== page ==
Our colleague and dear friend, Distinguished Professor Louise Kellogg, passed away on April 15, 2019. Louise built innumerable ties among people, using her outstanding science, trans-disciplinary vision, and dedication to equity. Her family, friends and colleagues around the world are grieving her loss. Messages of sympathy and memories of Louise may be sent to firstname.lastname@example.org. If you wish to have your message included on this web page, please let us know.
Louise Kellogg Memorial Fund. Make a gift in support of first generation students studying Earth and Planetary Sciences at UC Davis. This support represents one of the many passions of Distinguished Professor Louise H. Kellogg.
Faculty Position in Crust/Lithosphere Evolution | UC Davis Earth and Planetary Sciences
posted 08/23/2019; updated 09/13/2019
The Department of Earth and Planetary Sciences at the University of California, Davis seeks a geologist who investigates the generation, evolution, and deformation of Earth’s crust and lithosphere. For this tenure-track faculty position, we seek candidates whose research is anchored in the rock record and addresses fundamental problems related to the Earth’s physical and chemical evolution over geologic time.
From EOS: This article is part of a Centennial series recognizing eminent Earth and space scientists. Our series presents scientific journeys, as well as “family portraits” of the luminaries and their scientific progeny—the students, postdocs, and collaborators who have received inspiration, encouragement, and guidance from these leading lights of science. Learn more about the lasting legacy of Louise Kellogg.
From GeoSpace: "Ancient, distinct, continent-sized regions of rocks, isolated since before the collision that created the Moon 4.5 billion years ago, exist hundreds of miles below the Earth’s crust, offering a window into the building blocks of our planet, according to new research. The new study in the AGU Journal Geochemistry, Geophysics, Geosystems used models to trace the location and origin of volcanic rock samples found throughout the world back to two solid continents in the deep mantle. The new research suggests the specific giant rock regions have existed for 4.5 billion years, since Earth’s beginning." Curtis Williams is lead author of the study, with Sujoy Mukhopadhyay, Max Rudolph and Barbara Romanioqicz (UC Berkeley).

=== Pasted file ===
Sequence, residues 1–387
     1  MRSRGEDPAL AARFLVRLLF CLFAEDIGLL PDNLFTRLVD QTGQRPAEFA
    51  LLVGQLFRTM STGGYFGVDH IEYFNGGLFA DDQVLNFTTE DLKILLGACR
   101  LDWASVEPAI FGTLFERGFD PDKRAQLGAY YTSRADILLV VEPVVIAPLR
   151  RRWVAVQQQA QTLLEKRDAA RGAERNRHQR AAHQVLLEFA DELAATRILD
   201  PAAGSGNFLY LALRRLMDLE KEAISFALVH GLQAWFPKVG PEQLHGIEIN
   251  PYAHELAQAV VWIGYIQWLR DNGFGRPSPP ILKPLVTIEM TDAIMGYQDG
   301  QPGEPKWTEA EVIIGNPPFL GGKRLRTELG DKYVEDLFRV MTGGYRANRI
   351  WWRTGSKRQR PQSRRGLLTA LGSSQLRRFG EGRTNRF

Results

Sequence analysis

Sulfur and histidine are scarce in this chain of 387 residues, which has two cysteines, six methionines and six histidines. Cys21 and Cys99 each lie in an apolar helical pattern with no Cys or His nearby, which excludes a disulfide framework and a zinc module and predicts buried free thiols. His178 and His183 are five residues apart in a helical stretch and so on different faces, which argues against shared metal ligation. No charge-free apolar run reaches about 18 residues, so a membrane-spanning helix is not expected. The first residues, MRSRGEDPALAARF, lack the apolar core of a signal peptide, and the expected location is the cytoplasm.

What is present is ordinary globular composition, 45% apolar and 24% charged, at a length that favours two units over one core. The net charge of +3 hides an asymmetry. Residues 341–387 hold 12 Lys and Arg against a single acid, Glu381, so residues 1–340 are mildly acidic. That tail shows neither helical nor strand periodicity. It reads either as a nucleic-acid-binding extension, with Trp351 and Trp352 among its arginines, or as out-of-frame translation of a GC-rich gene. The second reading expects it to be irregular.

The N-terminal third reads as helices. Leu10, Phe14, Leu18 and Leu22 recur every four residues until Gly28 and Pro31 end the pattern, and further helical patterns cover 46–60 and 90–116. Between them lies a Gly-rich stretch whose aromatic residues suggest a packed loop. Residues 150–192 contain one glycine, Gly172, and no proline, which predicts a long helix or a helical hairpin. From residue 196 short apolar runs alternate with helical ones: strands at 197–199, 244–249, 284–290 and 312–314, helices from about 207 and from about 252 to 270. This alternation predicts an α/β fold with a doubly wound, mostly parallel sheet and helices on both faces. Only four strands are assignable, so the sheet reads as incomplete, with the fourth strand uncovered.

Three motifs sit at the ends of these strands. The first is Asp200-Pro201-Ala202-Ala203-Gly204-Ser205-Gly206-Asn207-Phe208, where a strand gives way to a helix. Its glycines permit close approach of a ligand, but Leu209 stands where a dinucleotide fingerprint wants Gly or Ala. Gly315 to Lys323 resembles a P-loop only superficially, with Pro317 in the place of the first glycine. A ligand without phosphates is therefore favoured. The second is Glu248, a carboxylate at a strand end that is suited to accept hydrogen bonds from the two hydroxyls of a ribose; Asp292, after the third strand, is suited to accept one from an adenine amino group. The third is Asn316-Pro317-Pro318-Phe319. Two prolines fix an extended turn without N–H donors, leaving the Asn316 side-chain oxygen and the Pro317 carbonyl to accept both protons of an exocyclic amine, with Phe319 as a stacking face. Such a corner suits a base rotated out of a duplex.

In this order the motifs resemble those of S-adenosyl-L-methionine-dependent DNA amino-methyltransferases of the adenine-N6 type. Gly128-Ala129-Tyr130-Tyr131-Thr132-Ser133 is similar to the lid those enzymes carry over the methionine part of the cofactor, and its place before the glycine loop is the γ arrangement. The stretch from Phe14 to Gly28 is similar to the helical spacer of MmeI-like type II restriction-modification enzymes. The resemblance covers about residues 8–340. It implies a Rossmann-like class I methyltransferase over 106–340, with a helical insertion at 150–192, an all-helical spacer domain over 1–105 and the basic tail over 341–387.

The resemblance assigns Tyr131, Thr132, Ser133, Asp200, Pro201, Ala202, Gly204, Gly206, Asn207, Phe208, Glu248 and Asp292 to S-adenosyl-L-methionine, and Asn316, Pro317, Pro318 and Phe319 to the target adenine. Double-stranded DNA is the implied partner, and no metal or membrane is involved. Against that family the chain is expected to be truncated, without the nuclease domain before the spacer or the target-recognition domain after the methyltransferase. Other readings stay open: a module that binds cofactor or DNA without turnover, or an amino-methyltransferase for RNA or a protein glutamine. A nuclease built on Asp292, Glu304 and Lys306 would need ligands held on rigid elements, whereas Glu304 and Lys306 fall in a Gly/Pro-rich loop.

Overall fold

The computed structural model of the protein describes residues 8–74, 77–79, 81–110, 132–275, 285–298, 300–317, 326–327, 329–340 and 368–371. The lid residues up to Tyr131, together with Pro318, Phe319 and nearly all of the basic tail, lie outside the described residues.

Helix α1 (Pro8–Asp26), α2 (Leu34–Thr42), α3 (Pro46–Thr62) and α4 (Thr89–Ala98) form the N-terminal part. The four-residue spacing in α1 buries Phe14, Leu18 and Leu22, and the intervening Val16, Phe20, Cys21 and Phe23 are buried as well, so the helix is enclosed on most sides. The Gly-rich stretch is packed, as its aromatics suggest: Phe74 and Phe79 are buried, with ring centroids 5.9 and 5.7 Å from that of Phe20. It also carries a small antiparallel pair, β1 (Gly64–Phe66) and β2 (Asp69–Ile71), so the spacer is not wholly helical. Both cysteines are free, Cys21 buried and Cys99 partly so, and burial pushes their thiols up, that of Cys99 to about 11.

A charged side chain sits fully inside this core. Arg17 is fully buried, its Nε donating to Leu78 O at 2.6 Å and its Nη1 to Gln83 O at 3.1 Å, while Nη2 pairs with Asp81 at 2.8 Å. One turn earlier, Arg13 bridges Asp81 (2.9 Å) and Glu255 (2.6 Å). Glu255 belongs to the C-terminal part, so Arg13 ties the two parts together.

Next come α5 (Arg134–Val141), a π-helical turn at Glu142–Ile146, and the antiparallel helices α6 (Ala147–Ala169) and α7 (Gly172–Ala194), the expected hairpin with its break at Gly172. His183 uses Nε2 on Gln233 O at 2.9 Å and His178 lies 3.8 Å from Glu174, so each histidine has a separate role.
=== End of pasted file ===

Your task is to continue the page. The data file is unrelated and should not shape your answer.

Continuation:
Mike Oskin | 2019 Best Paper Award, GSA Structure and Tectonics Division
A 2016 paper co-authored by Mike Oskin, John Fletcher and Orlando Teran (Fletcher et al., 2016) will be honored with the 2019 Best Paper Award at the Structure and Tectonics Division meeting during the GSA 2019 Annual Meeting. This paper laid out what they call the 'Keystone Fault Hypothesis' for control of crustal stress, inspired by faulting and aftershock data from the 2010 El Mayor-Cucapah Earthquake.
Researchers present a new paradigm for understanding how pressures in planets evolve. "Previous studies have incorrectly assumed that a planet's internal pressure is simply a function of the mass of the planet, and so it increases continuously as the planet grows. What we've shown is that the pressure can temporarily change after a major impact, followed by a longer term increase in pressure as the post-impact body recovers. This finding has major implications for the planet's chemical structure and subsequent evolution," says Simon Lock, postdoctoral researcher at Caltech and lead author of a paper explaining the new model that was published by Science Advances. Lock authored the paper with colleague Sarah Stewart.
The Gilbert Harris Award is given annually by the Paleontological Research Institution, in recognition of excellence in contributions to systematic paleontology, to a scientist who, through outstanding research and commitment to the centrality of systematics in paleontology, has made a significant contribution to the science. The award will be presented to Sandy Carlson at the annual Friends of PRI reception at the annual meeting of the Geological Society of America on Monday, September 23 at 5:30 pm in Phoenix.
From Sierra Club: : What ancient coral can tell us about climate change. The field of paleoclimatology—the study of past climate change on our planet—is booming. For Dr. Hill, the most critical answers are still waiting to be discovered.
I study how Earth’s atmosphere got its oxygen. Take a deep breath and appreciate those bacteria that evolved photosynthesis billion of years ago!i am a geobiologist.